Pagan Paths

A blog by an eclectic, UPG-focused polytheist, with thoughts on "DIY religion" - building your own unique tradition for yourself.

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My Practice: Honoring the Dead

b2ap3_thumbnail_candles.JPGIn the Northern Hemisphere, and particularly in New England where I live, the leaves are starting to turn, the temperature is cooling off... soon enough the leaves will be falling off the trees, frost will cover the ground, and it will continue to get colder.  But right now, where I live, it's still warm for this time of year and there's some green on the trees still.  The dark half of the year is here, but it's more like "twilight" than full-on darkness.  Still... time to start lighting candles, asking the Powers to guide the way into the dark night.

When Samhain/Halloween approaches, many Pagans remember the dead, and the Pagan blogosphere will often get into the topic of ancestor veneration.  A couple of years ago, I was not in the habit of this practise because I have abusive family members, and the abuse was generational, and I felt highly uncomfortable reaching out to these people's spirits; I also believed there was no point in reaching out to people who have probably since reincarnated.  But my views on this have changed considerably over the last two years, and today, I not only honor the dead - and my ancestral dead among them - but I also believe that honoring the dead is an important part of my practise.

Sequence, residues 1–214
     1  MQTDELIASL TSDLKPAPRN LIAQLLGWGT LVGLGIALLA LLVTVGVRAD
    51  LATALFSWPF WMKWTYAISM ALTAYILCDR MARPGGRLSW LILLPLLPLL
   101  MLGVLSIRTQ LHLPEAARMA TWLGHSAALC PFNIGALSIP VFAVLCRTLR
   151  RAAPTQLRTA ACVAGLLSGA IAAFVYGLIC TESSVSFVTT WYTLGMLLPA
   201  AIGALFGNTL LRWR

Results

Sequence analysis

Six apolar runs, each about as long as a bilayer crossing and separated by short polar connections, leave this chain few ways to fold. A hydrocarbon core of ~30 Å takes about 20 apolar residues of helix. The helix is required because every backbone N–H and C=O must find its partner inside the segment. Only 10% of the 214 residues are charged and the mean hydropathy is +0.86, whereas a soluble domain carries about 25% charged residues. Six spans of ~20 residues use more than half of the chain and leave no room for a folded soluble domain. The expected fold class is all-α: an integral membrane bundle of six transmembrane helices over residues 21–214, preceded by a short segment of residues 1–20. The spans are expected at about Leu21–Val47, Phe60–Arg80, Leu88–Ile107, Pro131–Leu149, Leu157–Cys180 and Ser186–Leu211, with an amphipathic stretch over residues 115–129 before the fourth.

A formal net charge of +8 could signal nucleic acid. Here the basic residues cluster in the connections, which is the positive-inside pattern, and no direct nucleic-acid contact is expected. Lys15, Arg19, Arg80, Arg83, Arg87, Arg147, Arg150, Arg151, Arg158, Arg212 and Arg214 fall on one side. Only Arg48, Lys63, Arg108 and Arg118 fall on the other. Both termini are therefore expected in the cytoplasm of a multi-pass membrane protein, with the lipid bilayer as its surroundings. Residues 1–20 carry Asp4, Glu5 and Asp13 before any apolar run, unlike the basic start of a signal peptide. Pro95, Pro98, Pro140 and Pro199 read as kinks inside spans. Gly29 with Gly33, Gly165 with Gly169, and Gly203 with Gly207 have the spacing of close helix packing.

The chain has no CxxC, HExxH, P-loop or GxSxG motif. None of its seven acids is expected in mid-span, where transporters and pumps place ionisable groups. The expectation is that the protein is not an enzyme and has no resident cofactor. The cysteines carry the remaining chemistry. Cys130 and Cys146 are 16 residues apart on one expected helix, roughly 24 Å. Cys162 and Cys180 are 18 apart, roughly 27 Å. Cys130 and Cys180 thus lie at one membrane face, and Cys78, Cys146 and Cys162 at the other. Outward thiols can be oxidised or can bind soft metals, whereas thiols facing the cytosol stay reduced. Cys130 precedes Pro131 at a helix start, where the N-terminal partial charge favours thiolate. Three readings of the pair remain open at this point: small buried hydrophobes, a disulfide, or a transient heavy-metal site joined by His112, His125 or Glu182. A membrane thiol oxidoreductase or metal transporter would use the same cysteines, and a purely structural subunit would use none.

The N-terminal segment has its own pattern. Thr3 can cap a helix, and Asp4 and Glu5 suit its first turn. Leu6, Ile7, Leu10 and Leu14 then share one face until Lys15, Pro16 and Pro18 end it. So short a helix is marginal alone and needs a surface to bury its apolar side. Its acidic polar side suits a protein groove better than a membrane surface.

Let me make the disclaimer here that I am in no way saying that honoring the dead, or ancestor veneration, is mandatory. I believe that what a person does in their own private practise has to be up to their own individual dictates of conscience.  I do not believe it is good to shame someone who would find ancestor veneration to be triggering, into "doing it anyway".  So PLEASE do not take anything I am saying here as pressure, demands, or a prescription for everybody.